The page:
China says it has received signals from aliens -

China claims that its giant “Sky Eye” telescope captured signals from an extraterrestrial civilization, according to a report recently posted and later deleted by Chinese scientists.

Astronomers at Beijing Normal University have discovered “several cases of possible traces of technology and civilization outside the Earth,” according to a report published on June 14 in the Science and Technology Daily, the official newspaper of the Chinese Ministry of Science and Technology.

The signals were picked up by China’s five-hundred-meter spherical aperture (FAST) radio telescope, dubbed the Sky Eye, which is the world’s largest radio telescope.

In 2019, Sky Eye was set to scan outer space for radio signals that could indicate extraterrestrial life. Examining these data in 2020, the researchers said they had spotted two potentially artificial “suspicious” narrowband radio signals.

Then, in 2022, a targeted study of known exoplanets found another “weird” narrowband radio signal, bringing the number to three.

Since the signals in question are narrowband radio waves, usually used only by aircraft and artificial satellites, they could have been produced by extraterrestrial technology. However, scientists say their findings should be taken with caution until the analysis is complete.

“These are different narrowband electromagnetic signals from the past, and the team is now working on further investigations,” Zhang Tongjie, chief researcher of the Alien Civilizations Research Group at Beijing University, told Science and Technology Daily.

Sky Eye, the largest radio telescope in the world. Photo: Nao Fast

“The possibility that the suspicious signal is a kind of radio interference is also very high, and must be further confirmed and ruled out. It could be a long process, “he said.

Following the publication, the report quickly circulated on the Chinese social network Weibo and was taken over by a number of other state publications. The reasons behind its sudden deletion are unclear.

This is not the first time that scientists have been confused by radio waves in outer space. In August 1977, SETI (Search for Extraterrestrial Intelligence) research conducted by Ohio State University’s Big Ear Telescope detected an incredibly powerful, one-minute electromagnetic explosion at a frequency that scientists suspected. that it could be used by extraterrestrial civilizations.

After noticing the anomaly, the scientist working with the telescope that night, Jerry Ehman, hurriedly scribbled “Wow!” with a red pen on the page, giving the signal its famous name.

Subsequent research in the same region of space has all returned “empty-handed,” and later studies have suggested that the signal may have come from a Sun-like star in the constellation Sagittarius, Live Science reported earlier. However, the source of that signal is still a mystery.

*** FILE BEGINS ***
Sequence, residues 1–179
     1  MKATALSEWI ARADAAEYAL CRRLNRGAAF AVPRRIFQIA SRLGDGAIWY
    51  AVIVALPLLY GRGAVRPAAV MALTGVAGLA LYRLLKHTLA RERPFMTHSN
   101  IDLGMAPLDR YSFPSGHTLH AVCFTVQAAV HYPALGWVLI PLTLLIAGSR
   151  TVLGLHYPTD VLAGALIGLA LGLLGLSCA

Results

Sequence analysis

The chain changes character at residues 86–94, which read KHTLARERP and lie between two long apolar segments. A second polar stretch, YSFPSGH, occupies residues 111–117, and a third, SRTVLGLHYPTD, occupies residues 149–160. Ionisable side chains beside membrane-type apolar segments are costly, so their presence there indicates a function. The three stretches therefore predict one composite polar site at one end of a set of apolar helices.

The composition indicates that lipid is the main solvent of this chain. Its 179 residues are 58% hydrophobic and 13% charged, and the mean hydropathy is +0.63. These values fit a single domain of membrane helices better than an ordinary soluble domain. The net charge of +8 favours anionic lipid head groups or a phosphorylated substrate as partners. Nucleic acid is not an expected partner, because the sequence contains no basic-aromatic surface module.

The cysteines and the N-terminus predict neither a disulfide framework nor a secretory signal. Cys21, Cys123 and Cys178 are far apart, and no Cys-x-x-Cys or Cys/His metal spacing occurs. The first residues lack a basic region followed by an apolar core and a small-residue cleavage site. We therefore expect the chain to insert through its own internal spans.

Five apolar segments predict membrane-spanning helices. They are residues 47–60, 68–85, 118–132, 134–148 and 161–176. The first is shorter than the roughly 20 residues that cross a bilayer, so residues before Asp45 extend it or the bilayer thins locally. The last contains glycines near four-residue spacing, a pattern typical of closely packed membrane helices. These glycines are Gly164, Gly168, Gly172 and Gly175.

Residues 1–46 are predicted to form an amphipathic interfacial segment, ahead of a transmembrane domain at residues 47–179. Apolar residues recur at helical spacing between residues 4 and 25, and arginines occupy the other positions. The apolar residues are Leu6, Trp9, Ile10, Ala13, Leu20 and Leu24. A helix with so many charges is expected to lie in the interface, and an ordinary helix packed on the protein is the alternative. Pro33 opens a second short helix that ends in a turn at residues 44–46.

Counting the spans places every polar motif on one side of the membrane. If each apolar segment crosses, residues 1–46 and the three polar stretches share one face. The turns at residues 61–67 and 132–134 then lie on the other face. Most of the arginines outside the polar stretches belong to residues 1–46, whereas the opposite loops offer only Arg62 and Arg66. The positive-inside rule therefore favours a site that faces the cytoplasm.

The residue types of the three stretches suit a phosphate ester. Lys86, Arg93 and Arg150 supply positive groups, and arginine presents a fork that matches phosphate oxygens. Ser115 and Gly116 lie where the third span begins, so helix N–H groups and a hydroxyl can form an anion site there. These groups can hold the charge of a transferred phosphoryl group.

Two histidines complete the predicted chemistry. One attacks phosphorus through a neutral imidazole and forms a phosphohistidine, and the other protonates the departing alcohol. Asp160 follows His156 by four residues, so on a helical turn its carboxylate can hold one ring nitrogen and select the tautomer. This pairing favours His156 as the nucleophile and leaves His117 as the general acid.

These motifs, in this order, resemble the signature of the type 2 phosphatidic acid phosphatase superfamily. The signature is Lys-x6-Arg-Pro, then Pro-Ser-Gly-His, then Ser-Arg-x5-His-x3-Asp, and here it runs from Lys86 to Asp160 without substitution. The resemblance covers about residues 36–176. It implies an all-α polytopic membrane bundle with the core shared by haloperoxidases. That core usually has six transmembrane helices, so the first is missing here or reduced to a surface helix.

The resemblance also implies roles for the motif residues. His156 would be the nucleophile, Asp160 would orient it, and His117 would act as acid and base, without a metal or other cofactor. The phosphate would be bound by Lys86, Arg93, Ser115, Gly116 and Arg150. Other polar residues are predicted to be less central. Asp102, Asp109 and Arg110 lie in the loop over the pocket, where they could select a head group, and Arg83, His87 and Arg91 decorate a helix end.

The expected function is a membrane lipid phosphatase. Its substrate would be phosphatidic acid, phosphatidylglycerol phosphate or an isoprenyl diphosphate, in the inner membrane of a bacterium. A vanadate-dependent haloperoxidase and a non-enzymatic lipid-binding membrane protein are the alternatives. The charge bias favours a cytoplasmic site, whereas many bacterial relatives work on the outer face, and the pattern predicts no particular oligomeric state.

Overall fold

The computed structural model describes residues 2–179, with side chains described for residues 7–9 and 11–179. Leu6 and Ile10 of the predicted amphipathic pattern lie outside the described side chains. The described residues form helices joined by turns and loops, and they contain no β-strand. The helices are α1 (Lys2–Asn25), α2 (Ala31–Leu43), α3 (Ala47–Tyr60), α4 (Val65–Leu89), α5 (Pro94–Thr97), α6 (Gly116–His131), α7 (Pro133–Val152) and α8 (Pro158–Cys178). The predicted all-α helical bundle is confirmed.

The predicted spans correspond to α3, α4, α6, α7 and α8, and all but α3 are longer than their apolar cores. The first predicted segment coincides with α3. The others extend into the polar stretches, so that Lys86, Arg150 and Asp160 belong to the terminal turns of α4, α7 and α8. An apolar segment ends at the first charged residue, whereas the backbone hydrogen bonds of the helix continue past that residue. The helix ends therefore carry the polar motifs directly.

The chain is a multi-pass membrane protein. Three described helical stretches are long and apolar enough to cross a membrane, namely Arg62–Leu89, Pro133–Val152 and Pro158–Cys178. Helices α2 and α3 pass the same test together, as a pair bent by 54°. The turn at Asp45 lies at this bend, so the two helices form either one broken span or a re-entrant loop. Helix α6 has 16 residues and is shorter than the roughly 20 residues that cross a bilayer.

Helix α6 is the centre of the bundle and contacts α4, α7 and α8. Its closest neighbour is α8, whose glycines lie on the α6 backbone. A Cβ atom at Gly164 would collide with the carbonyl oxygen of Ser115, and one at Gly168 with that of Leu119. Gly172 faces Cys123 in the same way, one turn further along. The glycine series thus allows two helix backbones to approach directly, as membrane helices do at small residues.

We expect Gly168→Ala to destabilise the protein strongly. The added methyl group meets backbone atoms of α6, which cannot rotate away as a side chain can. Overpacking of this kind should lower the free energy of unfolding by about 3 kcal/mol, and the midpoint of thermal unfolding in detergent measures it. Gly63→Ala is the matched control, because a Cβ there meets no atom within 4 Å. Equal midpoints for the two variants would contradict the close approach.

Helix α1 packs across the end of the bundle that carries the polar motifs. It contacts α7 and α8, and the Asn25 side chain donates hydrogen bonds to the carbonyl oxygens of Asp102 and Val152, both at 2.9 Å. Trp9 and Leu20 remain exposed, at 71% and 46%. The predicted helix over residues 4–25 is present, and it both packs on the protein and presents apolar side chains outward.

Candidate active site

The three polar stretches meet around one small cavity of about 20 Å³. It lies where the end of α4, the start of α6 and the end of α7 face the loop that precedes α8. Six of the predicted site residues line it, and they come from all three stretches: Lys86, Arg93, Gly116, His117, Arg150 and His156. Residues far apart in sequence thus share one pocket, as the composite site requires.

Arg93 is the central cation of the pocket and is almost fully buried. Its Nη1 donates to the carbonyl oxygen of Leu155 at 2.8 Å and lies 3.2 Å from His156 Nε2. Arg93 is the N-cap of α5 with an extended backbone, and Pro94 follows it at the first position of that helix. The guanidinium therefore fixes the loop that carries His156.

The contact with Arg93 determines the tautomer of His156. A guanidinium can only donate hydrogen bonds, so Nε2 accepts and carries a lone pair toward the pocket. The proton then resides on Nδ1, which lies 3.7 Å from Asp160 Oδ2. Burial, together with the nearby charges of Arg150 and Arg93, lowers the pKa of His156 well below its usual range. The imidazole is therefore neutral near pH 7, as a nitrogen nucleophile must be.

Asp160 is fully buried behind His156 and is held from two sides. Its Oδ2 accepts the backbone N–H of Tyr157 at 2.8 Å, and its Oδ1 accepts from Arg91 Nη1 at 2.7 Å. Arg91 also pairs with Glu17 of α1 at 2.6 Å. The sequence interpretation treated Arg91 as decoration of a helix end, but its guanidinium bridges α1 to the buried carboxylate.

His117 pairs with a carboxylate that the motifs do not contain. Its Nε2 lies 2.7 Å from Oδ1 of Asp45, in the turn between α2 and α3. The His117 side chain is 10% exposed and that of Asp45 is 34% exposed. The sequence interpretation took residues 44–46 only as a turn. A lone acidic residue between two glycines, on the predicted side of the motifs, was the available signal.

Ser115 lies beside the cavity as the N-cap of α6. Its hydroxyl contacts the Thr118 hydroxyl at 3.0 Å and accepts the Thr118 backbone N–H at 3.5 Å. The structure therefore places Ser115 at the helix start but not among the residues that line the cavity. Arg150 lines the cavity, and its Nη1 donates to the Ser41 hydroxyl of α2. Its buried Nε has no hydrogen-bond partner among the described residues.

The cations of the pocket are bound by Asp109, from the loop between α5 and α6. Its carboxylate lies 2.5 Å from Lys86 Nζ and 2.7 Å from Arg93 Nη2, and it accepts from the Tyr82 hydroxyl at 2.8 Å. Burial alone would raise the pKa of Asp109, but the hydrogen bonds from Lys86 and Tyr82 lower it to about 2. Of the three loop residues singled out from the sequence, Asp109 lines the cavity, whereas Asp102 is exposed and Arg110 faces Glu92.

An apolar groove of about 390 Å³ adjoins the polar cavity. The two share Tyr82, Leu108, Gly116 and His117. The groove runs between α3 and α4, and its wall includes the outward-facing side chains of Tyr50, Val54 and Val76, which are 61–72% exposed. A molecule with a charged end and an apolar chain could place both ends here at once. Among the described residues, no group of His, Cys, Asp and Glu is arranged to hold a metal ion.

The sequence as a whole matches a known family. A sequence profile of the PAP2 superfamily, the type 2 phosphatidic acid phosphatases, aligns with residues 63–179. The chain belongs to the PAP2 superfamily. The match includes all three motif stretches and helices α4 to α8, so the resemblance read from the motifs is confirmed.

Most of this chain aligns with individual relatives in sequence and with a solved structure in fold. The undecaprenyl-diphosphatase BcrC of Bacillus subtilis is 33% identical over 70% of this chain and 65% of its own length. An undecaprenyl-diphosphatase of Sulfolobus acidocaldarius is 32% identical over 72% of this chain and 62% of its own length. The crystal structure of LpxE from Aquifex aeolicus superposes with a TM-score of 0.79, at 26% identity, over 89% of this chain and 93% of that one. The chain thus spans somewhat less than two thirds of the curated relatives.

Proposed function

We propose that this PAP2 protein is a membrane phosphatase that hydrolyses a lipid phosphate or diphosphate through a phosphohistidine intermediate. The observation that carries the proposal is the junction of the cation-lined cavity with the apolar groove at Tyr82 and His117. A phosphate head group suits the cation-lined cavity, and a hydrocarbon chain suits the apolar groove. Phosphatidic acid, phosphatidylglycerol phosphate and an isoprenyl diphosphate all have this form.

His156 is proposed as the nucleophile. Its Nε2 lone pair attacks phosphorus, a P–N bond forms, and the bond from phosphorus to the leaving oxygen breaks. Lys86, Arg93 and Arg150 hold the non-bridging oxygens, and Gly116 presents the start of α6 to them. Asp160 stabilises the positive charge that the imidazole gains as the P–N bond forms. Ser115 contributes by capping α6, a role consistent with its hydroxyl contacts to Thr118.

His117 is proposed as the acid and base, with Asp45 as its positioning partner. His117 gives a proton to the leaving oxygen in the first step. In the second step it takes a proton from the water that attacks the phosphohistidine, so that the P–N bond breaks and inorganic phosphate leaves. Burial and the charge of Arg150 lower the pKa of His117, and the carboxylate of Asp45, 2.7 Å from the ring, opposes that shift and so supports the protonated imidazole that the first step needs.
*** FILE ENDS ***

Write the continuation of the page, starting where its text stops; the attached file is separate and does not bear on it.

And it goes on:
Chinese astronomers are keen to rule out radio interference, as it has also prevented “alien hunters” in recent years. In 2019, astronomers spotted a signal sent to Earth from Proxima Centauri – the closest star system to our Sun (about 4.2 light-years away) and which hosts at least one potentially habitable planet.

The signal was a narrowband radio wave, usually associated with man-made objects, which led scientists to think of the interesting possibility that it came from an alien technology.

However, new studies, published two years later, have suggested that the signal was most likely caused by a malfunction of human technology. Similarly, another famous set of signals that were once thought to have come from aliens, detected between 2011 and 2014, turned out to have been actually produced by researchers heating their microwave lunches.

So far, many signals from astronomers around the world have been misinterpreted as being emitted by extraterrestrial civilizations. Photo: Snap

Tonjie added that his team plans to make repeated observations of the strange signals in order to conclusively rule out any radio interference and to obtain as much information as possible about them.

“We look forward to the FAST telescope being the first to discover and confirm the existence of extraterrestrial civilizations,” Zhang told the Science and Technology Daily.

The discrepancy between the size and age of the universe and the apparent lack of intelligent life forms beyond Earth – called the Fermi Paradox – has long troubled scientists.

The paradox derives its name from the casual lunchtime reflections of Nobel laureate physicist Enrico Fermi, who, after contemplating the enigma, is said to have remarked: “Where is everyone (in the universe)?”

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